The Five Solas
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For five hundred years, Protestant Christians have summed up the gospel in terms of the five “solas,” which is Latin for “only” or “alone.” And all I do in giving you this summary is add one that is implicit in the others. So, in these historical forms, I would define the gospel like this:
As revealed with final authority in Scripture alone
the gospel is the good news that
by faith alone
through grace alone
on the basis of Christ alone
for the glory of God alone
sinners have full and final joy in God alone.
All these affirmations are grounded in the Bible.
Scripture alone is the final authority for revealing and defining the gospel of Christ (Galatians 1:9): “If anyone is preaching to you a gospel contrary to the one you received, let him be accursed.” The apostolic delivery of the gospel is final and decisive.
By faith alone (Romans 3:28): “We hold that one is justified by faith apart from works of the law.” Faith plus nothing is the way we receive the gift of justification.
Through grace alone (Ephesians 2:5, 8–9): “When we were dead in our trespasses, God made us alive together with Christ — by grace you have been saved. . . . For by grace you have been saved through faith. And this is not your own doing; it is the gift of God, not a result of works, so that no one may boast.”
On the basis of Christ alone (Hebrews 7:27): “[Christ] has no need, like those high priests, to offer sacrifices daily, first for his own sins and then for those of the people, since he did this once for all when he offered up himself” (see also Hebrews 9:12; 10:10). Once for all and decisively. Nothing can be added to the work of Christ to cover our sins, and that work cannot be repeated.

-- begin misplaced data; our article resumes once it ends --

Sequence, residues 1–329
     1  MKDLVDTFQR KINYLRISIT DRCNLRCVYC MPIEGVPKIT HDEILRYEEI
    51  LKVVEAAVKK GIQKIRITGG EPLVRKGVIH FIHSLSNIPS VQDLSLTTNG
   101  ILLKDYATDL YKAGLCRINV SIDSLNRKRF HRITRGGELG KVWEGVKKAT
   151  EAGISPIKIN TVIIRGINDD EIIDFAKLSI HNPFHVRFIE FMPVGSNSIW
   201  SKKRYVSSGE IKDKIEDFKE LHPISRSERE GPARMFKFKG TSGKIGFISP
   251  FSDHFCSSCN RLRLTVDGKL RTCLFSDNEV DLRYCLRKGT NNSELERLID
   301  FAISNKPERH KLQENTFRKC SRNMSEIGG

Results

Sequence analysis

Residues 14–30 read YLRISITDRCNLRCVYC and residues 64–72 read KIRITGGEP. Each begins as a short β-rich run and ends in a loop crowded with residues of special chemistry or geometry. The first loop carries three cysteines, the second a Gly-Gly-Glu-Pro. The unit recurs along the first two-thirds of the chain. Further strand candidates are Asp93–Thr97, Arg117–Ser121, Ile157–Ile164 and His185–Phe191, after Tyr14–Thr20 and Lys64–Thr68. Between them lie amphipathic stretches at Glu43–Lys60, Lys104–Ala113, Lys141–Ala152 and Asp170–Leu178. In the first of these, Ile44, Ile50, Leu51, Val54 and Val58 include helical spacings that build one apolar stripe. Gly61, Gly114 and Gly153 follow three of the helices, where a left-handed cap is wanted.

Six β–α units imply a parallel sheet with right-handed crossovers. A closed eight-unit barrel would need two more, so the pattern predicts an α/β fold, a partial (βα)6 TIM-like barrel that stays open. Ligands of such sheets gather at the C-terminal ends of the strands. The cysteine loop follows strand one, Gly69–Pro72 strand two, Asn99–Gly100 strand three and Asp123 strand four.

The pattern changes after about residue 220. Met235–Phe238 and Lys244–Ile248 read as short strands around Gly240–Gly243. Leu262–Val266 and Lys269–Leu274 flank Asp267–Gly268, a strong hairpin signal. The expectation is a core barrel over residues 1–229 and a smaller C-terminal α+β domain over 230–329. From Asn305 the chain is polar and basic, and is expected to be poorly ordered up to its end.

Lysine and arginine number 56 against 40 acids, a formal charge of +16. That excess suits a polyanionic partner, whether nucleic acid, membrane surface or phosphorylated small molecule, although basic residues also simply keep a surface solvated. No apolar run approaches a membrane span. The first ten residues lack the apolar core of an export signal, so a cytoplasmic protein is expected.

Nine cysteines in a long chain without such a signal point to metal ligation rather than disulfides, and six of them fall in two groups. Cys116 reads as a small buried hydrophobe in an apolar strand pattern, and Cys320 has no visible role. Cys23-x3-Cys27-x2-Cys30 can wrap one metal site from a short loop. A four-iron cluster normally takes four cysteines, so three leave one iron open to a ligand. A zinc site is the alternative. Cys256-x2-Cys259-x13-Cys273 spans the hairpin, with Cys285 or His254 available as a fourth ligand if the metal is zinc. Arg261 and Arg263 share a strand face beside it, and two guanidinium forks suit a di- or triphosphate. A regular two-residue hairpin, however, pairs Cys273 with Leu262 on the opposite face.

For the glory of God alone (Ephesians 1:5–6): “[God] predestined us for adoption to himself as sons through Jesus Christ . . . [literally] to the praise of the glory of his grace.” God saved us in such a way that there would be no human boasting (Ephesians 2:9; 1 Corinthians 1:26–31), but all would show his glory.
Full and final joy in God alone (Psalm 16:11; 73:25–26): “In your presence there is fullness of joy; at your right hand are pleasures forevermore.” “Whom have I in heaven but you? And there is nothing on earth that I desire besides you. My flesh and my heart may fail, but God is the strength of my heart and my portion forever.”
This is the gospel as millions of Christians have thought about it for centuries, and we are happy to link arms with this great Reformation heritage: “God in Christ: The Price and the Prize of the Gospel.”
- John Piper
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